A hefty brass bell hangs from a rafter in the middle of the Pioneer Bar. The P Bar, as everyone calls this down-home dive on Baranof Island about 90 miles southwest of Juneau, is a smokey haven for locals and fishermen.
And it could be worth your while to linger over your beer at the P Bar if you show up in March. That, more or less, is when the herring return to spawn in Sitka Sound.
In a few hours, a single commercial ship can score a catch worth $10,000 or more, and if you’re lucky, later that day a flush fisherman will stride up to that brass bell (or stagger from his seat at the bar), grab the knotted rope that dangles down and snap it to send a ringing tone across the room. Happy hell will break loose.
All bars here have bells and the rule is firmly upheld — a rung bell means everyone’s next drink is free — courtesy of the bell ringer, who could easily pick up a $500-plus tab.
While the free brew is a matter of chance, the herring are not. Each spring the ocean turns milky blue and green during the mass spawning. Minuscule yellow herring eggs are everywhere — clinging to driftwood and boats, washing up in lines along the shore, and eventually ending up in someone’s freezer.
With a bit of planning and a place to do some cooking, you can sample several of the native foods of Alaska’s Inside Passage and the main ingredients won’t cost you a dime. Timing is everything, so here are some monthly tips.
Herring eggs (mid March-early April)
"The first indication is you’ll see lots of whales and lots of sea lions, jumping in and out, and lots of birds sitting on the water," said Tammy Young, cultural resource coordinator at the Sitka Tribe of Alaska.
The herring produce millions of eggs. Members of the Tlingit tribe secure hemlock branches to buoys to gather them in volume, but the tiny yellow globules stick to everything, including seaweed that washes up on the beach. (Technically, you need a free permit, but that’s up to you.)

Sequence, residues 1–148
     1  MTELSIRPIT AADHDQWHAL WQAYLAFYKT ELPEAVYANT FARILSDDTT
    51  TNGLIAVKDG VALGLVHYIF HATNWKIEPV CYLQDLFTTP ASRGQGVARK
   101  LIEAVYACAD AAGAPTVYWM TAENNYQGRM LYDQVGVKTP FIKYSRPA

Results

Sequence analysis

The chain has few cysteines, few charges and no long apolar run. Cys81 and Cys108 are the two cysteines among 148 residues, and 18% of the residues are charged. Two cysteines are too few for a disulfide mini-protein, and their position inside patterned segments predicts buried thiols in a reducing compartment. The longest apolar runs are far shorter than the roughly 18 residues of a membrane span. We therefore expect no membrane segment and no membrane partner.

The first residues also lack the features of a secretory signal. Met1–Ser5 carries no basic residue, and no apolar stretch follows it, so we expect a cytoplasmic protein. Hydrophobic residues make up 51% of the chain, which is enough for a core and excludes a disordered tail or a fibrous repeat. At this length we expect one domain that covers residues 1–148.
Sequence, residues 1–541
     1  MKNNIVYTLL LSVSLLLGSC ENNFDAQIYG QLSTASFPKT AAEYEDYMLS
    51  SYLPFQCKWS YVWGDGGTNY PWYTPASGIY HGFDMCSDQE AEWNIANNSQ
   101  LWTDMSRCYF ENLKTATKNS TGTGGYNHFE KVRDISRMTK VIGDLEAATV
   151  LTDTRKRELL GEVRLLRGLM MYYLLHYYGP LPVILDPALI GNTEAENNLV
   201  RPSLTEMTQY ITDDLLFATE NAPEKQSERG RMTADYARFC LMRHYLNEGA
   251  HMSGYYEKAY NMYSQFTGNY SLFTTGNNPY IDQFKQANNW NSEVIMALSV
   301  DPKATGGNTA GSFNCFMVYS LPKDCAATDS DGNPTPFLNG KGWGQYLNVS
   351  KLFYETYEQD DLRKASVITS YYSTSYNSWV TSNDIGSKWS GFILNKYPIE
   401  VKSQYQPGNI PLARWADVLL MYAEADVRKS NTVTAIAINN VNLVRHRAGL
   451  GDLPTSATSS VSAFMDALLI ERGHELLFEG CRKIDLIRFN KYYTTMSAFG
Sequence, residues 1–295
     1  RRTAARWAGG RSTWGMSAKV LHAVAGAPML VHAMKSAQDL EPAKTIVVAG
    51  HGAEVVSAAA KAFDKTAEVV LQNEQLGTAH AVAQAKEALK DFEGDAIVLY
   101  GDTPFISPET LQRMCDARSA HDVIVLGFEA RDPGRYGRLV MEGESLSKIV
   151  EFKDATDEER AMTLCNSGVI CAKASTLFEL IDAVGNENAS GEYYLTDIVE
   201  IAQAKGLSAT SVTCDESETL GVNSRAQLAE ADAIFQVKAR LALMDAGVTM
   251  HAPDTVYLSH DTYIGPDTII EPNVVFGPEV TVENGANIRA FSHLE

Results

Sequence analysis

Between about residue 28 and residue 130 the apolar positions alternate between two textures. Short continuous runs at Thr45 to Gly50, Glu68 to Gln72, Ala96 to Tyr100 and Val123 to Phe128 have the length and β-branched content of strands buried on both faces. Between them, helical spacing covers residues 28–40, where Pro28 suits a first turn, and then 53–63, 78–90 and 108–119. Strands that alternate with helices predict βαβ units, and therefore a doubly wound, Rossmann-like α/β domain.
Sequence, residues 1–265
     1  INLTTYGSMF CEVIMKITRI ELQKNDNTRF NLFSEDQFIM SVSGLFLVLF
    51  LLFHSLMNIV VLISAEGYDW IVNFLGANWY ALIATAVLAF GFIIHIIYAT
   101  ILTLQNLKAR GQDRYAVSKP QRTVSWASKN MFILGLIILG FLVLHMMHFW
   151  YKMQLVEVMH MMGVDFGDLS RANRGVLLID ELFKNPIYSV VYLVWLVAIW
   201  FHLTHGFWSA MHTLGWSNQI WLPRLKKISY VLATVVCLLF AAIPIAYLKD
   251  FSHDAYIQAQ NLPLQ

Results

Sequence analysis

Carefully pull them off and blanche them in hot water. Mix them with chopped onions, green pepper, cabbage and a mayonnaise or sour cream sauce of your choosing. Dollop on top of a salad or spread on bread, then follow the Tlingit’s lead and thank the herring.
Black seaweed (May)
Many kinds of seaweed fill the tidal waters around Sitka. Porphyra, a long, broad, brown leafy variety, is easy to spot and can be eaten fresh or dried. Walk out to a rock at low tide and cut off a few blades about a foot or more above the point where the main body anchors to the rock. Back in the kitchen, chop it and add to a salad, throw it in a vinegar-oil marinade or add it to a stir-fry.
Sea, beach asparagus (mid June-July)
This bright green vegetable adds a crunch to any dish. It grows at the top of ocean beaches, often in small patches, but locals can point you to places where it spreads out like a lawn. Bring a bag and a good cutting knife and cut the stalks about an inch above the ground.
Think of it as a thinner version of asparagus. If you catch it before it flowers, it’s tender enough to be eaten raw, but you can just as well steam or stir-fry it by itself, or throw it in with any dish where you might use celery, asparagus or green pepper.
The clams are large and plentiful, but it’s important to check with the Sitka Tribe of Alaska’s biotoxin lab. Harmful algal blooms can contaminate shellfish, and the lab provides weekly updates on safe locations to harvest.
That said, grab a shovel and a bucket and head out at low tide to dig for clams. Enjoy the amazing view of the waters around Sitka. Bring the clams back in water from the ocean where you found them, put a colander in the bucket and let them sit for a day to filter out the sand. Give a final rinse in freshwater and steam them right away.
Serve with garlic and butter or olive oil over linguine. Simple and exceptional.
(Follow the same drill for mussels, except leave the shovel behind.)
Salmon berries (July-August)
You can’t walk down a street in Sitka or very far along one of the trails that ring the town without seeing red and orange berries that look very much like raspberries. The plump ones are your best bet for a sweet pop of pleasure.
Sitka sits in a temperate rainforest, and on top of salmon berries, you’ll find blueberries, huckleberries and elderberries. Mixed berry desserts, fruit drinks, berries with yogurt, it’s your choice.
Jon Greenberg is a staff writer for PolitiFact. His daughter Amelia Greenberg works with the Sitka Tribe Association as an AmeriCorps volunteer.